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the experts that we're talking to n.p.r. said that it's like drug abuse so there is definitely downsides right absolutely well i mean. i don't i actually don't see this is a downside i think that especially if you look at the study of the study was suggesting that people like to talk about themselves people talk about themselves all the time on facebook that itself gives you this like sense of the little extra boost of dopamine every time that you make a status update about what you had for breakfast or whatever that's that that's a positive point and i guess that speaks volumes to how popular facebook and twitter are globally i mean we're talking about millions and millions of users so i don't think it's the necessarily about the i think that yes we should maybe take a couple of hours out of the day beyond what we're sleeping to disconnect from the virtual world but i think that ultimately it's a positive thing and it's good for people however many you have to admit that it could be abuse right if we could see advertisers using these things get people to come in obviously twitter isn't really profiting off of you getting reach weights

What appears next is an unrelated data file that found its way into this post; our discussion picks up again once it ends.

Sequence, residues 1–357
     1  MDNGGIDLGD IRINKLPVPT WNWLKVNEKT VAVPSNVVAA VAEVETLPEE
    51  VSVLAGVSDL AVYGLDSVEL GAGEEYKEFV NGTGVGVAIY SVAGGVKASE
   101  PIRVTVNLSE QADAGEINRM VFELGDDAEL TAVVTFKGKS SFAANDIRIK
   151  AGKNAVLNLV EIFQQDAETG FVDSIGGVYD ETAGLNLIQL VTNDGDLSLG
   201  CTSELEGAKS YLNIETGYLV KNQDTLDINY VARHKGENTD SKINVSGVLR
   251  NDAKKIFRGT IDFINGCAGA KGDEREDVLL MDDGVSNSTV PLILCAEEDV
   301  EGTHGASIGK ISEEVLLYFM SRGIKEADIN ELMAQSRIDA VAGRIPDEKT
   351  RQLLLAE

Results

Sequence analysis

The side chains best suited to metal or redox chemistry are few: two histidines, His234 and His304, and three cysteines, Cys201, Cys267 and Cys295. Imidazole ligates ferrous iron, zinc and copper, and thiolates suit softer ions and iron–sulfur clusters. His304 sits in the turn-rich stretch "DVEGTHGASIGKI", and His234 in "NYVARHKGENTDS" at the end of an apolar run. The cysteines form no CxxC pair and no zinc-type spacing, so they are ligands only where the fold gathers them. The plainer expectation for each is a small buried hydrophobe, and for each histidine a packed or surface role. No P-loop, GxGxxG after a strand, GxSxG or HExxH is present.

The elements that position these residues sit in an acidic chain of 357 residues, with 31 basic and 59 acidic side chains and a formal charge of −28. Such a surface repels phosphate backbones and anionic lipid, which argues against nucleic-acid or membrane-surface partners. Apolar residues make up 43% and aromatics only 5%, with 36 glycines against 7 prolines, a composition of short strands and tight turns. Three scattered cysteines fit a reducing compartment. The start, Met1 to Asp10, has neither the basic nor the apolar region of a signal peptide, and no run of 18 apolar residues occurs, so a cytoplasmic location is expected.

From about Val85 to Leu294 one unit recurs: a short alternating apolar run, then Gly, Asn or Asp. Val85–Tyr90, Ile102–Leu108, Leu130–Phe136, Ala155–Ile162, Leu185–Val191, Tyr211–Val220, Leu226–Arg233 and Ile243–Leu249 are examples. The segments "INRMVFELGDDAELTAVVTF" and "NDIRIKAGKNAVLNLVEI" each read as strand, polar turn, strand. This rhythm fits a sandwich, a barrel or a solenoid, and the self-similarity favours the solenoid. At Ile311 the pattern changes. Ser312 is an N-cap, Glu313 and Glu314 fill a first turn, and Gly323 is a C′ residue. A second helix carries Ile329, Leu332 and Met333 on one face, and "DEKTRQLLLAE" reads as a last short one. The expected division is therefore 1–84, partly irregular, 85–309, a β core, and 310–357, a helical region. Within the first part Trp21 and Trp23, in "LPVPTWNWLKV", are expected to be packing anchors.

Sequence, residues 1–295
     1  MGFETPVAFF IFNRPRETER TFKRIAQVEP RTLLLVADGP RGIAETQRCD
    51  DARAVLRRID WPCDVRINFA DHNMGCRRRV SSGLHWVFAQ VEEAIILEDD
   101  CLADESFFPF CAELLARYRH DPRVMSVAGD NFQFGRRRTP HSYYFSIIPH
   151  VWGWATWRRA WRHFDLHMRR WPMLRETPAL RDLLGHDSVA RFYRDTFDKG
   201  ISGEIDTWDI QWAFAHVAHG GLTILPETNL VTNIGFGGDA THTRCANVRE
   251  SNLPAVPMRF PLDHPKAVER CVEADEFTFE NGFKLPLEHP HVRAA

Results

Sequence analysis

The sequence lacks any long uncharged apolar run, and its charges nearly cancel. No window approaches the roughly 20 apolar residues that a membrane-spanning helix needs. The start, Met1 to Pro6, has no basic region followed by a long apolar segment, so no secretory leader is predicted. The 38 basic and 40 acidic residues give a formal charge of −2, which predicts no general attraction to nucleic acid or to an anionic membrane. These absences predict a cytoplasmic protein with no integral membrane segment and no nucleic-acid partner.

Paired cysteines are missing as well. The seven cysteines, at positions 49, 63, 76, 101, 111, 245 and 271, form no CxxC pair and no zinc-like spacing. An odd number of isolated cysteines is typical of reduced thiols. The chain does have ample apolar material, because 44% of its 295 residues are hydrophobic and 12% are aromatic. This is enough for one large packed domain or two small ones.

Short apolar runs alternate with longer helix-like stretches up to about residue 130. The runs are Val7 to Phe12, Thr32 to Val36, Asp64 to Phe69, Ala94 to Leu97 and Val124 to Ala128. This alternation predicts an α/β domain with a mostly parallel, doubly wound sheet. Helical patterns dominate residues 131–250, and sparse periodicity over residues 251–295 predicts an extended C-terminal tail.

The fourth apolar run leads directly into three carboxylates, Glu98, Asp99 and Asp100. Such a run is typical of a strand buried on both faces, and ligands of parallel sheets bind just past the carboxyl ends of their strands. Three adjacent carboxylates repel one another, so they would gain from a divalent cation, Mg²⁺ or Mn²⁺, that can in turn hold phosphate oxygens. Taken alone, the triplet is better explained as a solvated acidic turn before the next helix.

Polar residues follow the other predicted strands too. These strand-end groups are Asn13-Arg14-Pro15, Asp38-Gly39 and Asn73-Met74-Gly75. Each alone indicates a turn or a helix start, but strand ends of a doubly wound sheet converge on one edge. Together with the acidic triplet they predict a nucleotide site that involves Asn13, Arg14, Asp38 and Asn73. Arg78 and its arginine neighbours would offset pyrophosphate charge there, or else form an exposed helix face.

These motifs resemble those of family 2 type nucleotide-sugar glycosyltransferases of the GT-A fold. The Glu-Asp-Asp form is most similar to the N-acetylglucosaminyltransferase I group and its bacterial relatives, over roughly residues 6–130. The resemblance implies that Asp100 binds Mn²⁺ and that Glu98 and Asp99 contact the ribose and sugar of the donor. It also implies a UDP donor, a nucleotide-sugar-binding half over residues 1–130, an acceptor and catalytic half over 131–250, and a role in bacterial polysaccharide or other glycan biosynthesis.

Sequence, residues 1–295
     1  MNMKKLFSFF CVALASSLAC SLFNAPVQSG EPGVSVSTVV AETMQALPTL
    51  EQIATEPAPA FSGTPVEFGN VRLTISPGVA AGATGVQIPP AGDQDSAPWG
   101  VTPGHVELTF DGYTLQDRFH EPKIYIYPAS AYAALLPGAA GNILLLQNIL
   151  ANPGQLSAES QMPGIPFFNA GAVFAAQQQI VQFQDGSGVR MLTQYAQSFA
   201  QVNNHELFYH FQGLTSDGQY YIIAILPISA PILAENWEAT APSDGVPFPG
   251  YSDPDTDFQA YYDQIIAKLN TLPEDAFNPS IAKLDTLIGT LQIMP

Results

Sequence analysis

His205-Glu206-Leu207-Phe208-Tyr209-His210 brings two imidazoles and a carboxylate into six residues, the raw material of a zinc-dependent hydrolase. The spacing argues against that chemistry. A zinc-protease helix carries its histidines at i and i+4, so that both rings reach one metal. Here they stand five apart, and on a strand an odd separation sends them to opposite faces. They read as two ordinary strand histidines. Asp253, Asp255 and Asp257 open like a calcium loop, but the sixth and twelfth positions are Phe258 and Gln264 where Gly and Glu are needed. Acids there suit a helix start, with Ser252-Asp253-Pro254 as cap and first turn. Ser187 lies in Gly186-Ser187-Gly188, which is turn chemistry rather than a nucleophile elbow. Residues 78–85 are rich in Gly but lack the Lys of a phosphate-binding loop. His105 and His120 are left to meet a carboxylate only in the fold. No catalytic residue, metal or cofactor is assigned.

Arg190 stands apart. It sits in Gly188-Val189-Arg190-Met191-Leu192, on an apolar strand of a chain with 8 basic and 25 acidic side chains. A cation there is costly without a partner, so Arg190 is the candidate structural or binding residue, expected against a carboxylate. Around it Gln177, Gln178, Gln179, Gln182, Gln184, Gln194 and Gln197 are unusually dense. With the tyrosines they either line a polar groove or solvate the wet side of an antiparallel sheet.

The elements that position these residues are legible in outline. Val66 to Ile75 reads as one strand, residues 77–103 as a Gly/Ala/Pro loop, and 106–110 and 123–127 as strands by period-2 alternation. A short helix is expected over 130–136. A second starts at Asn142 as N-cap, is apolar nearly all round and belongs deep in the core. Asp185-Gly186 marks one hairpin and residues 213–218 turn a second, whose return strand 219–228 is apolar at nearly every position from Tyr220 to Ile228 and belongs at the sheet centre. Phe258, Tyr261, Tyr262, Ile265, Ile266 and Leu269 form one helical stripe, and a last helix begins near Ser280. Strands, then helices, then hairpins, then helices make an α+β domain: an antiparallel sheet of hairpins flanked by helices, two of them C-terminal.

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but if you're given a certain reward that can be a downer you know facebook profits every time people spend significant amounts of time on the web site in the first place so certainly they're taking advantage of the fact that we feel so good connecting with people so interesting so we think that it's free but we really were the commodity if you look at you we think we consider things like twitter and facebook as being free but we're being data mined it's our information that's that's valuable to them everything we like everything we we click on everything else that we see and i mean essentially we're the commodities here and apparently so is our dopamine and our feel good feelings breaking the set of producer manny rappel and our t.v. producer rachel courteous thank you so much. all right well that's going to do it for now for more on the stories we cover and go to youtube dot com slash r t america and check out our web site r t dot com slash usa and speaking of help me and i would like some of my own so follow me on twitter at megan underscore lopez stick around breaking the set with host abby martin is coming up at the top of the
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hour. wealthy british style. markets why not. find out what's really happening to the global economy with mikes concert for a no holds barred look at the global financial headlines tune in to cons a report on. you know how sometimes you see a story and it seems so you think you understand it and then you glimpse something else you hear or see some other part of it and realize everything you thought you don't know i'm tom harpur welcome to the big picture.